Jewish High Holidays: A Time to Reflect and Improve

From nightfall on Wednesday September 20  to nightfall on Friday September 22, Jews around the world brought in the new year of 5778. Rosh Hashanah, or Head of the Year, is regarded as one of the most holy holidays in the Jewish tradition, but its meaning transcends a simple celebration of time passing. Observing Rosh Hashanah involves not only welcoming the new year but also reflecting on the year that has passed, and for Jewish people around the world, this reflection hasn’t exactly been easy.

Of course, reflections on the political climate in the U.S. currently bring to mind the neo-Nazi march in Charlottesville — a devastating moment, to be sure — but anti-Semitism has seen a larger uptick in frequency and severity over the past year. While Jewish people are not being regularly killed in the streets, Jewish schools and synagogues have been defiled with anti-Semitic symbols. And Jewish cemeteries have been desecrated, their gravestones toppled and graffitied with swastikas. Even here in Connecticut, with its generally progressive left-wing ideologies, anti-Semitism thrives. The Jewish Community Center of New Haven, which offers nursery schools, fitness classes, basketball tournaments and several other services to people of all religions, has received several bomb threats. To say that anti-Semitism is a thing of the past is misguided and ignorant.

Of course, it would also be ignorant to say that other forms of violent bigotry have not seen a similar increase in frequency. Islamophobic, xenophobic, and racist crimes have been happening more and more, yet we see no serious action being taken by the current Administration. The president campaigned on an “America first” ideology, but seems to have little regard for the threatening of millions of those Americans every day.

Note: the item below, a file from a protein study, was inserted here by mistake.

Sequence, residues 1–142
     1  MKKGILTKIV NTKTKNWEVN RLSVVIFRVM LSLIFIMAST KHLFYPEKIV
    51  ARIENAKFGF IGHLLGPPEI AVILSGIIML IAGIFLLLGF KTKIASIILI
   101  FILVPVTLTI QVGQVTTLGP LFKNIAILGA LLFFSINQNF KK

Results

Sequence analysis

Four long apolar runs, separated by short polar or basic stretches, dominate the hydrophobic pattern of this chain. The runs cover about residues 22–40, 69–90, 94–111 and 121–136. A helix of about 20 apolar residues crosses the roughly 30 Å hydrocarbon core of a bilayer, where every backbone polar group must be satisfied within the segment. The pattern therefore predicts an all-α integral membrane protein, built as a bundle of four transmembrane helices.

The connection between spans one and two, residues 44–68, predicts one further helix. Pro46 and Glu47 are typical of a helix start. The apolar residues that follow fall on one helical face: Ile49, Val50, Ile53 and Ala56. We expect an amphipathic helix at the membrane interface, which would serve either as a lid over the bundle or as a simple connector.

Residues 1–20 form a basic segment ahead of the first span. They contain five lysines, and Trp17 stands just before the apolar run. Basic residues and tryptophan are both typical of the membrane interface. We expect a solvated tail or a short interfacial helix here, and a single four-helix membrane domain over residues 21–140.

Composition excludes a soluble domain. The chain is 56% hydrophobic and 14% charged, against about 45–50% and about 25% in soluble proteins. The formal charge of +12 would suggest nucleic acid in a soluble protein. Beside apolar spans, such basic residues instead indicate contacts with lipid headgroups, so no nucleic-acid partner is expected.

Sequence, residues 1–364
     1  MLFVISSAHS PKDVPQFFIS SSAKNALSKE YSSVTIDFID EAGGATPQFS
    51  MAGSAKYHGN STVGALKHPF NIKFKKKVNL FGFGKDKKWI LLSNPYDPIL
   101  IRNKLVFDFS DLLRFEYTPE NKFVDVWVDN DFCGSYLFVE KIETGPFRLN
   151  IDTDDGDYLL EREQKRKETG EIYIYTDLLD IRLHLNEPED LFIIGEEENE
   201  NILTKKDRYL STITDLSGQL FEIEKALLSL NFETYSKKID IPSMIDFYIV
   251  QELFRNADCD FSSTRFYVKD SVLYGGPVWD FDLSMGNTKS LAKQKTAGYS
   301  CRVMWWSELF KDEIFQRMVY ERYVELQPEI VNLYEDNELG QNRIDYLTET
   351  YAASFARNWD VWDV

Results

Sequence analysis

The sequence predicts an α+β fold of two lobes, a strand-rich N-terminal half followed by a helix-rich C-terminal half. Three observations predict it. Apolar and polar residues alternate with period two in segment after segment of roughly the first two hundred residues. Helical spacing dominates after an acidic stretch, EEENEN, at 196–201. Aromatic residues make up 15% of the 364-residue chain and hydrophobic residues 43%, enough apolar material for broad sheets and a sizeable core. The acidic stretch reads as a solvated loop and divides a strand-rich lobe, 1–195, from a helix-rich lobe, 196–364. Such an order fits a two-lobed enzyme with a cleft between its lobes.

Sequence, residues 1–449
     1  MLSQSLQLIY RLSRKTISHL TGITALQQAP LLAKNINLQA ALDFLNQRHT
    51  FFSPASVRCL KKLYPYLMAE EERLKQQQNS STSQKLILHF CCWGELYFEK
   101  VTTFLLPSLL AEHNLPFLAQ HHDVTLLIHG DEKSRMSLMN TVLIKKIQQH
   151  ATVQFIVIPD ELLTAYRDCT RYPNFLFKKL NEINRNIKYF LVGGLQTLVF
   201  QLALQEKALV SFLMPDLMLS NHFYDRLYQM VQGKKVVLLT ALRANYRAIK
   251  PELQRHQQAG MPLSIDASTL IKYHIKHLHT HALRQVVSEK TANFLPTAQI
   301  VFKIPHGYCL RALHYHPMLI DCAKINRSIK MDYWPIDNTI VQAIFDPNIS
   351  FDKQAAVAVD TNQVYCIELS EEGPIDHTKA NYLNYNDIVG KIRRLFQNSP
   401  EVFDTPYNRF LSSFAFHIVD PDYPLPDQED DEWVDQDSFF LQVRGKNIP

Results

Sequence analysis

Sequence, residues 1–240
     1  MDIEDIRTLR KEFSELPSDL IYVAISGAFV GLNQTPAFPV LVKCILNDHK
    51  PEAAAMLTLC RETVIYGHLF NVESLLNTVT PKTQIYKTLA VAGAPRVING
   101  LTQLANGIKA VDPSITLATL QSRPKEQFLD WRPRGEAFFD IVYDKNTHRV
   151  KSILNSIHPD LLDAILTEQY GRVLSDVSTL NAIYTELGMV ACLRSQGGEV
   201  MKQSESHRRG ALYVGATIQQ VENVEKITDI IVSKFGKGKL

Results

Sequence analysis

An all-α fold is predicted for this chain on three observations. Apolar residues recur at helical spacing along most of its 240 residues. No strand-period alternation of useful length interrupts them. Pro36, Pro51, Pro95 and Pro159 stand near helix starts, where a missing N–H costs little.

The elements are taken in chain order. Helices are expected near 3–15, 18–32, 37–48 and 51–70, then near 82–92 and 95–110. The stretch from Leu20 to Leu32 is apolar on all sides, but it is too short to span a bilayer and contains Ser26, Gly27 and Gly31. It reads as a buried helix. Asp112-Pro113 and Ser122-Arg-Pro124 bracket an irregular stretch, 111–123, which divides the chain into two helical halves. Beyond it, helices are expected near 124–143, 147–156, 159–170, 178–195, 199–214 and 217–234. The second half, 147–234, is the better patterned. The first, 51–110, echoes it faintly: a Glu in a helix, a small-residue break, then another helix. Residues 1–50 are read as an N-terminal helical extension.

On September 30th, Jews observed Yom Kippur, also known as the Day of Atonement. On this day, Jews reflect on their deeds in the past year and how they may have wronged others, wronged themselves, and, for some observers, wronged God. Once again, this day is a reflection on the year, but this time, the focus is on the self. Jews looks back on their actions and misdeeds, considering the ways in which they can improve their behavior.

This is an opportune moment for our country to look back in similar fashion. We are approaching almost one year since the 2016 Presidential Election, and it is a fitting time for the United States to reflect, not just on its political decisions, but on its political culture. We hurled insults at one another, delegitimized individuals simply based on their opinions, and became more divided as a nation.

It is often difficult to apply other cultures to our own lives, but if there is one thing that all Americans should take away from the Jewish High Holidays, it is that with a proper reflection on its past, there is still hope for the United States. Even when the President unleashes another barrage of ridiculous tweets, even when an unarmed African-American man is shot dead by the very people meant to protect him, even when nursery schools are evacuated in the face of bomb threats, there is still hope. In the face of hate and division, hundreds of thousands of Americans continue to stand up for their beliefs, cultures, and ideas. To the students, faculty, and staff of Choate: we need to look back, reflect, and improve. This is the advice that the Jewish high holidays offer.

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